Who was at fault?

We like to be quick to identify blame. In the original story I heard, the restaurant had been guilty of leaving the aioli out in the heat of summer and refrigerating overnight. That makes for a really great story, especially since I sell temperature loggers and it is a story about the evils of room temperature. If you do have anything with raw eggs in it, the message is still very clear – it must be stored below 5°C. That’s a no brainer.

But according to Lauriston, the aioli was kept at the correct temperature. As soon as a batch was made, it was labelled with date of manufacture and refrigerated. When Lauriston sampled it from the service salad bar it was actually frozen at the bottom of the container.  At this stage I will point out that this conversation was being had over a beverage in a bar. There were no lawyers present and while the truth is important, what I really wanted were practical lessons.

This also happened 7 years ago. It was as a result of this incident and many similar incidents that the Food Authority cracked down (pun intended) on damaged eggs. It should be noted it is very hard to detect a fine crack in an egg in a busy kitchen. The point I wanted to make was that the restaurant was doing things “by the book”.

What has changed since 2010?

The biggest change is the requirement for raw egg products to use a method to control bacteria.  Such products must be acidified to a maximum pH of 4.2 or have some other effective processing step to make all raw egg products safe.

The NSW Food Authority has some great information on what to do if you are using raw eggs. They have great tips like…

How do you minimise the risk of  Salmonella Bombs?

The first tip is – don’t crack a raw egg! If you do want “raw eggs” there are pasteurised alternatives that can now be used. Save the real thing for cooking.

The second is to ensure that they come from an authorised supplier. This ensures that they are properly cleaned and inspected. They aren’t perfect and Salmonella Bombs still exist, but they are far less likely.

There are now pH requirements for raw egg products. This makes the environment more hostile to bacteria. It won’t necessarily fix a Salmonella Bomb but it will muffle it.

If you are eating at a restaurant, how do you avoid Salmonella Bombs?

You can’t judge a restaurant just by its appearance. Salmonella Bombs have gone off in top class restaurants as well as cheap dives.

If I’m having anything with aioli, I ask if it is freshly made or bought. Bought aioli (or mayo) is probably fine. It won’t be the same dining experience as some boutique home made aioli, but it should be safe to eat.

I used to then ask when it was made. If it wasn’t fresh, then it’s not worth the risk. That’s because I thought the problem was time and temperature related. It’s still a good question, but it doesn’t protect me against a Salmonella Bomb.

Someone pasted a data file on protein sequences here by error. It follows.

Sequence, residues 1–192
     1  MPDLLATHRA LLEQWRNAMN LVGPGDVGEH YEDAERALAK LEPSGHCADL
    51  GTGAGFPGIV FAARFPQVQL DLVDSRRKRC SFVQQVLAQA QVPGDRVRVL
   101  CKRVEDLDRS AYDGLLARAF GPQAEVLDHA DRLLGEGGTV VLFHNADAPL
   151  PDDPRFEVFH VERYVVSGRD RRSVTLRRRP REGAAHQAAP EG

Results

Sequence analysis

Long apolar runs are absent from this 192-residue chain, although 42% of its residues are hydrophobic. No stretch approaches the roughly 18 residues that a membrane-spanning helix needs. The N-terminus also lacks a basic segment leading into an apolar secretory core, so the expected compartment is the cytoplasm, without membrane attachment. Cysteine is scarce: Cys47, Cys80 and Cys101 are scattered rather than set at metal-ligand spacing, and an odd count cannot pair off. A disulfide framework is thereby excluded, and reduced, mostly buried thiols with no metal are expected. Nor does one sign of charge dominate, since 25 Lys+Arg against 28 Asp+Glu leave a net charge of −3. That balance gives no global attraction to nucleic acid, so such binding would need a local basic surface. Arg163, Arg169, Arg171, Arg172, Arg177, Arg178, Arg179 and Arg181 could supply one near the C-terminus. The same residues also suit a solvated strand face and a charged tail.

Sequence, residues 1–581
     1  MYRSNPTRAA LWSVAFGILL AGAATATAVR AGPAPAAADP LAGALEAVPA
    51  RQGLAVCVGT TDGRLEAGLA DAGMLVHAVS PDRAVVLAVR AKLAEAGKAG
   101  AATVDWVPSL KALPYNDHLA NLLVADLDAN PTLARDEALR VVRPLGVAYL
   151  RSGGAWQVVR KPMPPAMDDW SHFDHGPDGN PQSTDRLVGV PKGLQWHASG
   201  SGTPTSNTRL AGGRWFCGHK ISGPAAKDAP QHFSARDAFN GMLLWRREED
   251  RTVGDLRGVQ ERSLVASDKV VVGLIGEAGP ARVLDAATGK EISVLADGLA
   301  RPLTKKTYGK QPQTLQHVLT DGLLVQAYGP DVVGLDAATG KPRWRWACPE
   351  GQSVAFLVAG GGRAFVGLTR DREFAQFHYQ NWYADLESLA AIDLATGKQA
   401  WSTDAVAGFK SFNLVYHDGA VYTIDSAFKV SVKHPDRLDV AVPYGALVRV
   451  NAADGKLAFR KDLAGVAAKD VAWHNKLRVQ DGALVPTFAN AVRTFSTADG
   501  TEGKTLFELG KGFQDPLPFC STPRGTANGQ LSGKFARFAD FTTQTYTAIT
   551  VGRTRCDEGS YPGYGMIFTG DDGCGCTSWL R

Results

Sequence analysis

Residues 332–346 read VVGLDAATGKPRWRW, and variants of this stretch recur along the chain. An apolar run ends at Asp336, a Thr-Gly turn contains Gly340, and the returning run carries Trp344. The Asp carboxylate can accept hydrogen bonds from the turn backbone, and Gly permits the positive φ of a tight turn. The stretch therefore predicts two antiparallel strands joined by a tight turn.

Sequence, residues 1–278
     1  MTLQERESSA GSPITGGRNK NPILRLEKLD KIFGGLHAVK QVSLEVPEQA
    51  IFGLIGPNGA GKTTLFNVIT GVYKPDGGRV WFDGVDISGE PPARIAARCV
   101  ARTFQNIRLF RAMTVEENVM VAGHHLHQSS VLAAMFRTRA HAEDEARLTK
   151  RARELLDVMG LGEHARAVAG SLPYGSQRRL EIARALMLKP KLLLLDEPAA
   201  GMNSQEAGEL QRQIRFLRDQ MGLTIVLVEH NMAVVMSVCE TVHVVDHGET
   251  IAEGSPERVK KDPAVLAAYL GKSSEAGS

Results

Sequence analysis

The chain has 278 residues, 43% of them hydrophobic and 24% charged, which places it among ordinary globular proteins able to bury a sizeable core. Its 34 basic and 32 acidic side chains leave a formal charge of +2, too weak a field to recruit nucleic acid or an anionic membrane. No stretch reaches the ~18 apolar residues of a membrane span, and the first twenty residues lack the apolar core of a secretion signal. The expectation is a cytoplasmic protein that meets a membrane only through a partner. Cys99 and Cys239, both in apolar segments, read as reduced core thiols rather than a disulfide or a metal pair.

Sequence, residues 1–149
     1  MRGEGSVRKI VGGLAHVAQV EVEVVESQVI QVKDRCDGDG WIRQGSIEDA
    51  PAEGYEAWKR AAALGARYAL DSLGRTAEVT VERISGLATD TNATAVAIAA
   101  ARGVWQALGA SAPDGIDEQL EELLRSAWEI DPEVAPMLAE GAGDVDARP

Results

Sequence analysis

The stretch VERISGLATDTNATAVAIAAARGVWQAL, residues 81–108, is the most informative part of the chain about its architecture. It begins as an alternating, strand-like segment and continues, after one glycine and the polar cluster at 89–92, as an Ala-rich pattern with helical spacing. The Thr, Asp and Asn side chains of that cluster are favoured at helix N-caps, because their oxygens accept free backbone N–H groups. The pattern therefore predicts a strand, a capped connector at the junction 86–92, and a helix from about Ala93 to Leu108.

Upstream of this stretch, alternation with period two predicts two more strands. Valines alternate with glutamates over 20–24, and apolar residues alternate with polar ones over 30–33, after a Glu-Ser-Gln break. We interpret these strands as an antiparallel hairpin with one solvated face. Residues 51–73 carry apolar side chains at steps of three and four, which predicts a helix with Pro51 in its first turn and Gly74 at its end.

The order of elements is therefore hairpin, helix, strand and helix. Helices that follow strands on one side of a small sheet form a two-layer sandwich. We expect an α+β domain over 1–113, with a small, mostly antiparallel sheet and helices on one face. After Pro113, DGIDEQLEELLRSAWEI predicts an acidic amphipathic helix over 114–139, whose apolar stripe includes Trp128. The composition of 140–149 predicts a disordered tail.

So what is the one question that will protect me against a Salmonella Bomb?

You can’t taste it to see (boom). You can’t smell it because it will smell fine. You can’t see it. You can’t ask if there is a Salmonella Bomb in it.

But there is one question that you can ask, and this question may well save your life (or at least save you two weeks of extreme misery).

Ask the waiter this one simple question…

“what is the pH of your aioli?”

Do not expect them to know the answer. They are the waiter. They will need to ask the chef. If they aren’t prepared to ask, or if the chef doesn’t know, then you have a choice – either leave or find the most processed item on the menu – because they either don’t care or know about food safety.

A good chef, however, will be able to tell you the pH of the aioli because they know and care about food safety.

Of course they could just pull a random number out of the air, or give you the official answer. They may even choose to spit in your aioli for being a know-it-all. Chances are, however, this one question will quickly sort the professionals from the wanna-bes.

How do you avoid a Salmonella Bomb at home?

Now that’s a tougher question.

If you are into any of those drinks with raw eggs, home made aioli, or just like downing raw eggs (move over Rocky) then there are some simple tips:

  • never use cracked eggs,
  • never use cracked eggs,
  • never use cracked eggs,
  • never use dirty eggs (cook them, though in theory you can’t buy dirty eggs anymore),
  • consume what you make and toss the leftovers
  • make small quantities
  • wash your equipment and bowls between batches

And just realise that you have a 1 in 20,000 chance of swallowing a Salmonella Bomb.